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Common sense isn't.

Armes Gap to Prison Coal Mines

October 2006 and March 2007

OpenStreetMap of destination and areaa of route (from Rt. 116 to end of "cable" above Brushy Mountain State Prison)

Trail 20, Old Prison Mine Trail, on Frozen Head State Park Trails Map

Elevations: Armes Gap 2139 feet; Coal Mines 2320 feet; Net climb 181 feet. Distance: Approx. 0.5 miles

See also: Armes Gap to Fire Tower

The Road Not Taken

The Road Not Taken

by Robert Frost (1874–1963).
Mountain Interval. 1920.

TWO roads diverged in a yellow wood,
And sorry I could not travel both
And be one traveler, long I stood
And looked down one as far as I could
To where it bent in the undergrowth;

First Mine Entrance Then took the other, as just as fair,
And having perhaps the better claim,
Because it was grassy and wanted wear;
Though as for that the passing there
Had worn them really about the same,

Mine Entrance Close And both that morning equally lay
In leaves no step had trodden black.
Oh, I kept the first for another day!
Yet knowing how way leads on to way,
I doubted if I should ever come back.

Red and Yellow Leaves I shall be telling this with a sigh
Somewhere ages and ages hence:
Two roads diverged in a wood, and I—
I took the one less traveled by,
And that has made all the difference.

This is a short hike on a gated dirt road, from Armes Gap on Route 116, to the old prison coal mines above Brushy Mountain Prison (or State Correctional Facility, or Penitentiary). Although not listed as an official camp site on the (1993) Frozen Head State Park trail map, at the end of the road there are places suitable for tent camping. A camp fire site, a stack of wood, and two or three water streams (quality uncertain, boil and/or filter before drinking) were nearby. The walk ascends somewhat steeply at the beginning, descends slightly, and then finishes mostly level.

Second Mine Entrance The route follows a well cleared and maintained road. At the fork pictured above, take the left fork. The right fork ascends to the Frozen Head tower.

The second mine entrance, at the end of the road, is pictured at left. The first mine entrance (photo above), has many fallen wooden timbers and a collapsed ceiling.


2 Story BuildingTwo-story guard or control building.


Several concrete buildings remain. Walls and roofs are cracking and collapsing. A thick iron cable and wooden rail ties remain on the ground near the mine entrance. The cable goes from the mine entrance to the two-story building. Topographic maps show a cable previously went down the mountain to the prison below.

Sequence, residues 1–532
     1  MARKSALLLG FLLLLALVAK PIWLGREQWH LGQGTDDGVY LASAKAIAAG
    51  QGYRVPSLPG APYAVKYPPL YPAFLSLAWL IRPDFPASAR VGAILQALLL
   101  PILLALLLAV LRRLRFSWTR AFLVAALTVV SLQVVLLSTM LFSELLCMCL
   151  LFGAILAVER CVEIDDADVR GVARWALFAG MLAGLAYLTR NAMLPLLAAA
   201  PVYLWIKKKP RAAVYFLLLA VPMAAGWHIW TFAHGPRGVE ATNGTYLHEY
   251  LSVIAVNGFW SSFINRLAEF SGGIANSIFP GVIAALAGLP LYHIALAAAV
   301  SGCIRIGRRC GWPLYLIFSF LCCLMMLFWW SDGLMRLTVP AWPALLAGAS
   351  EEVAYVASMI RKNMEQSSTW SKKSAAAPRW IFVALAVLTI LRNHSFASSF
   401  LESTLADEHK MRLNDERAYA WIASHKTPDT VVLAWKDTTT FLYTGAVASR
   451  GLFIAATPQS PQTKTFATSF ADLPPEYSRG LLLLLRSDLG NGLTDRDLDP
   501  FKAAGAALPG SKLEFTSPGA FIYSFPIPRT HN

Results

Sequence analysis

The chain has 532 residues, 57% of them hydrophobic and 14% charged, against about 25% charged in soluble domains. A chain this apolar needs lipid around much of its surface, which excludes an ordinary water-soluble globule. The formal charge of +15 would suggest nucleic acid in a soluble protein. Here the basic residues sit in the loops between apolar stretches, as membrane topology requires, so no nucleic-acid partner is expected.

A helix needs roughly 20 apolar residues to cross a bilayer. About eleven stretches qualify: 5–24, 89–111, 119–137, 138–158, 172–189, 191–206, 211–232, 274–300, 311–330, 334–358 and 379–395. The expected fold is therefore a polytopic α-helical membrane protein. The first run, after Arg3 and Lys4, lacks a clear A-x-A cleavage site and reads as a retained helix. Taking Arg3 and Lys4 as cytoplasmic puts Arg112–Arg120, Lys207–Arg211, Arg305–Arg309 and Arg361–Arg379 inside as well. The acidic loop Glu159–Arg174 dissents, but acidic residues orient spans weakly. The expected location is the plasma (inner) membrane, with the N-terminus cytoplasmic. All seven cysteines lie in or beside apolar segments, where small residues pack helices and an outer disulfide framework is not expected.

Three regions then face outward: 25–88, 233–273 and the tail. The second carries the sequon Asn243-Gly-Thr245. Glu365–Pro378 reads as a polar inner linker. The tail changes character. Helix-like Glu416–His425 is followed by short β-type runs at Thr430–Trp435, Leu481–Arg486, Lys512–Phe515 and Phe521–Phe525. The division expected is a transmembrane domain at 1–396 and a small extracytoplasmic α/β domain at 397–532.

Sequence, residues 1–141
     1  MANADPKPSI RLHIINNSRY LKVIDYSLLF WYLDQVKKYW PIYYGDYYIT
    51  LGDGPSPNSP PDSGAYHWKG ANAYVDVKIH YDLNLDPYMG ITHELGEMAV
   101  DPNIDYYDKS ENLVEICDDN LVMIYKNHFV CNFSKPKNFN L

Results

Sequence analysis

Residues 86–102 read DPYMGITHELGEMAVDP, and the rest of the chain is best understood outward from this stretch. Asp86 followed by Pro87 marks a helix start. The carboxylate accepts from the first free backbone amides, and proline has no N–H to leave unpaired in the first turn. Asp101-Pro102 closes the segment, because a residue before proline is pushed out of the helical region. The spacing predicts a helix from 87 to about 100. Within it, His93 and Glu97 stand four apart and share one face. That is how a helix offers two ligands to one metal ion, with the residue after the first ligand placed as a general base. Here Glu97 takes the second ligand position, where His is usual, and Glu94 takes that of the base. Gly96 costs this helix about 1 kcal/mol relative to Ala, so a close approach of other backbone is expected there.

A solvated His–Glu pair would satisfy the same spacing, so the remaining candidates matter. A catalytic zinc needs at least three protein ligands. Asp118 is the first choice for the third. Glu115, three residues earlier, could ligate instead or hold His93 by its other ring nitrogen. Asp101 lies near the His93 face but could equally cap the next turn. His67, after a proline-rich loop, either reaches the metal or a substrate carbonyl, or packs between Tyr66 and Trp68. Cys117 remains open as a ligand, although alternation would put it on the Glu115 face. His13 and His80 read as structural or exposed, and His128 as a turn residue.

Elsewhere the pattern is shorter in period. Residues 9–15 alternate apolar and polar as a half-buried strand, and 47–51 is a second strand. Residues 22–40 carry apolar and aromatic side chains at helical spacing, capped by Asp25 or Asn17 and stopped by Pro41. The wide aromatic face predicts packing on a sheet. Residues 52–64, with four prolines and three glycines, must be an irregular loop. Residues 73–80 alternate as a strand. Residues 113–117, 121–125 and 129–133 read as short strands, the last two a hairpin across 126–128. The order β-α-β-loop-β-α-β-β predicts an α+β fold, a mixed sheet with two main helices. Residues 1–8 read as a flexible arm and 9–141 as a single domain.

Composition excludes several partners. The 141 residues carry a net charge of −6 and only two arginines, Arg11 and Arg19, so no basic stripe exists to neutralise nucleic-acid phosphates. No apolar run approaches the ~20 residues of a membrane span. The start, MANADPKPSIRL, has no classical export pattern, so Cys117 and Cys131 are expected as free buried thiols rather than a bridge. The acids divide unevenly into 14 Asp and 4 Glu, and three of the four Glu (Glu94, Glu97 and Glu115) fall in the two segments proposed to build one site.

Foundations and Small Buildings Walt Whitman (1819–1892). Leaves of Grass. 1900.

35. In Paths Untrodden

IN paths untrodden,
In the growth by margins of pond-waters,
Escaped from the life that exhibits itself,
From all the standards hitherto publish’d—from the pleasures, profits, eruditions, conformities,
Which too long I was offering to feed my soul;
Clear to me, now, standards not yet publish’d—clear to me that my Soul,

Brushy Mountain Valley View That the Soul of the man I speak for, feeds, rejoices most in comrades;
Here, by myself, away from the clank of the world,
Tallying and talk’d to here by tongues aromatic,
No longer abash’d—for in this secluded spot I can respond as I would not dare elsewhere,
Strong upon me the life that does not exhibit itself, yet contains all the rest,
Resolv’d to sing no songs to-day but those of manly attachment,

2 Story Building Projecting them along that substantial life,
Bequeathing, hence, types of athletic love,
Afternoon, this delicious Ninth-month, in my forty-first year,
I proceed, for all who are, or have been, young men,
To tell the secret of my nights and days,
To celebrate the need of comrades.
View Into Mine
166. O Me! O Life!

O ME! O life!... of the questions of these recurring;
Of the endless trains of the faithless—of cities fill’d with the foolish;
Of myself forever reproaching myself, (for who more foolish than I, and who more faithless?)
Of eyes that vainly crave the light—of the objects mean—of the struggle ever renew’d;
Of the poor results of all—of the plodding and sordid crowds I see around me;
Of the empty and useless years of the rest—with the rest me intertwined;
The question, O me! so sad, recurring—What good amid these, O me, O life?

Foundation, Trees and Creek Answer.

That you are here—that life exists, and identity;
That the powerful play goes on, and you will contribute a verse.

Thanks to Dr. E for the last four photos above.

Disclaimer: This is free information. Use at your own risk. This is only my opinion based on my experience. There is No guarantee of accuracy. I am Not responsible for anything that may happen to you because of using or not using this information.

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Quote of the moment
Execute their airy purposes.
~ John Milton, Paradise Lost. Book i. Line 430. ~

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